Spotted Lanternfly (SLF) Adult and Overwintering Egg Masses Establish in the Hudson Valley & Southern Tier.

Spotted Lanternfly

New York State Department of Agriculture and Markets announced on November 12th, 2020 that the Spotted Lanternfly (SLF) adult and overwintering egg masses have been found and are considered to be established populations on Staten Island, areas in the Hudson Valley, and in the Southern Tier.

Specific sites where established and isolated populations exist include Port Jervis, Sloatsburg (87N Rest Stop), Orangeburg, and Ithaca. Last week, students from Cornell University (Ann Hayek’s lab) found live and dead adults and several egg masses in the Ithaca area near housing units. The removal of tree-of-heaven, a preferred host of SLF adults), and targeted systemic and contact insecticide use has been applied in a systemic approach to contain the spread of the invasive pest.

At this point in time, the greatest concern in these regions is for grape production with newly emerging SLF adults in later-July through August very attracted to grape vines just prior to harvest. Increased risk of SLF infestation of vineyards in eastern Long Island, the mid-Hudson Valley and Finger Lakes Region could occur as early as 2021 unless these early established populations can be eradicated come spring.

SLF feedings can stress grape plants, making them vulnerable to disease and attacks from other insects. SLF also excretes large amounts of sticky “honeydew,” which attracts sooty molds that interfere with plant photosynthesis, negatively affecting the growth and fruit yield of plants. The prolonged and repeated feeding of SLF on grape vines is believed to cause significant stress and loos of carbohydrates needed to successfully overwinter, causing decline and death of the vine.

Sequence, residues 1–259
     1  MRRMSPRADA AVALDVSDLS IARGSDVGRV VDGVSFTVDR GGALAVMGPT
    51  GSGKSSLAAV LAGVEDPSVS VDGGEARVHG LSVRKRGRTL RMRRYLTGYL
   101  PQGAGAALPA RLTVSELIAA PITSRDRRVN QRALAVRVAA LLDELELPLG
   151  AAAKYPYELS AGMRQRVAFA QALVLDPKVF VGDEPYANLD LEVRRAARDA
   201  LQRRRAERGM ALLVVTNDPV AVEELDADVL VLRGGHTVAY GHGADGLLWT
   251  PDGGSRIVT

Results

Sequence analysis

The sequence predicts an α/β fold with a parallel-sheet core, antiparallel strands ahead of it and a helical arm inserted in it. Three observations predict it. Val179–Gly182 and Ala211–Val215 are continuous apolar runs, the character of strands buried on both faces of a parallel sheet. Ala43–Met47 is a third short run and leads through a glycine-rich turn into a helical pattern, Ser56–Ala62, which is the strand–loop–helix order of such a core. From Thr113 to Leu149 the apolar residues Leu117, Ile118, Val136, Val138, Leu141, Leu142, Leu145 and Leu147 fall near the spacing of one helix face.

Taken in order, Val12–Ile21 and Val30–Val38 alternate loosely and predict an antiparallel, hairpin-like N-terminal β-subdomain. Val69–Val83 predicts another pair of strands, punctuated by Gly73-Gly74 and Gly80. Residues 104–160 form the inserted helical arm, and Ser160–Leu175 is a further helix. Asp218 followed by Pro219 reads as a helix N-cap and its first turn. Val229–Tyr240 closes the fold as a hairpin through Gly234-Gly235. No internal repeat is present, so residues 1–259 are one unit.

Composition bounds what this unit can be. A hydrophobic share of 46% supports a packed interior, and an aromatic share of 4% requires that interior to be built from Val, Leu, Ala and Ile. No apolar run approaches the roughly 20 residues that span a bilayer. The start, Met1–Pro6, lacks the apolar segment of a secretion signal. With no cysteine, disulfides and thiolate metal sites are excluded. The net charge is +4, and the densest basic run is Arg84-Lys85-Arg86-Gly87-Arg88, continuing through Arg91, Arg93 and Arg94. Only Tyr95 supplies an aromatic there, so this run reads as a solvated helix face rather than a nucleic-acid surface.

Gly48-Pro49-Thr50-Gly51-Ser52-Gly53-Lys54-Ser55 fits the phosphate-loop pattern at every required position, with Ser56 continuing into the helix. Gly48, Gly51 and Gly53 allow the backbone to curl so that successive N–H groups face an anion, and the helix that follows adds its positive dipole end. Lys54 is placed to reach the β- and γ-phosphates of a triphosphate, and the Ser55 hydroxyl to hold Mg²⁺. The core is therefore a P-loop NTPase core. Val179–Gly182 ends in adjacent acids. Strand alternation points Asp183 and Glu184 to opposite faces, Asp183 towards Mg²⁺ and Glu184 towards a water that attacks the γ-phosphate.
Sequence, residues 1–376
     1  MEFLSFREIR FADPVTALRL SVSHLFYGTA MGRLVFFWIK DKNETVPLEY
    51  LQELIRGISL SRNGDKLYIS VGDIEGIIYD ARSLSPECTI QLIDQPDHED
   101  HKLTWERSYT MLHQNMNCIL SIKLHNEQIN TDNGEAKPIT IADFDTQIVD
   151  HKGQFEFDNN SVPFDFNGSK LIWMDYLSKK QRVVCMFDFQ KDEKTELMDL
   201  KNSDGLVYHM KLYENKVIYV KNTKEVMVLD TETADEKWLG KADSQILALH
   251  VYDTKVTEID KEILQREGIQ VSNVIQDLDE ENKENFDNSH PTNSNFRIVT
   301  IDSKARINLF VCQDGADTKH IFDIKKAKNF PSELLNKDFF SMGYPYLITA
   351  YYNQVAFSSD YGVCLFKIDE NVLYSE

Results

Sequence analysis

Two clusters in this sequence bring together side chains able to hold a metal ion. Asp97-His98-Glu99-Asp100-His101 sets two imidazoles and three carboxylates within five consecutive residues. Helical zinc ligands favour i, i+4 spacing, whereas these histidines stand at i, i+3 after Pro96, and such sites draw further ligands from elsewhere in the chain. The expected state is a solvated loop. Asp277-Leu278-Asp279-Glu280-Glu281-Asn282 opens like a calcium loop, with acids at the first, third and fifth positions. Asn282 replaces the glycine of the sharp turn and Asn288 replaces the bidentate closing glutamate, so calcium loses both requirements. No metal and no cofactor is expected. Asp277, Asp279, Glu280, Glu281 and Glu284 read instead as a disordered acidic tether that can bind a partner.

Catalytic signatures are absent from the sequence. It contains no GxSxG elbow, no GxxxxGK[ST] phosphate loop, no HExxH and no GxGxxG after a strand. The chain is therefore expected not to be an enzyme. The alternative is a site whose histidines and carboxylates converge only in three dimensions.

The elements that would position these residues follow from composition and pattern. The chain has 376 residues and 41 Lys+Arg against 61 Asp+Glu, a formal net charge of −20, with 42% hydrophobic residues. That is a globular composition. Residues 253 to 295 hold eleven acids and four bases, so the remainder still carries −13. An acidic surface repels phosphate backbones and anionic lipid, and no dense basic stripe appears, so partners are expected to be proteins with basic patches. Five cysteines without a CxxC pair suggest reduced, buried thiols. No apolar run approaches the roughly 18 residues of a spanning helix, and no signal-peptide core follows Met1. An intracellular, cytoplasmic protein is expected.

Due diligence by the general public and fellow agriculturalists in scouting for SLF can provide much needed surveillance on the ground for early detection leading to eradication.

New Yorkers can report potential sightings using the web reporting tool found here: Survey123 Form. Capturing a clear image of the SLF life stage, submitting the image to NYS DEC to alert the DEC and NYS Ag. & Markets will bring experts into the area for confirmation and remediation focused on eradication of the developing invasive population.

Identifying SLF (Stop SLF Resources)

* Adult SLF are active from July to December. They are approximately one-inch long and half an inch wide at rest, with eye-catching wings. Adults begin laying eggs in September. Signs of an SLF infestation may include:
* Sap oozing or weeping from open wounds on tree trunks, which appear wet and give off fermented odors.
* One-inch-long egg masses that are brownish-gray, waxy and mud-like when new. Old egg masses are brown and scaly.
* Massive honeydew build-up under plants, sometimes with black sooty mold developing.

The SLF is a transient hitch-hiker, relatively strong flyer and even the nymphs have the capacity to move many meters daily through their climbing and drifting behavior.

For more information on Spotted Lanternfly, visit https://agriculture.ny.gov/spottedlanternfly.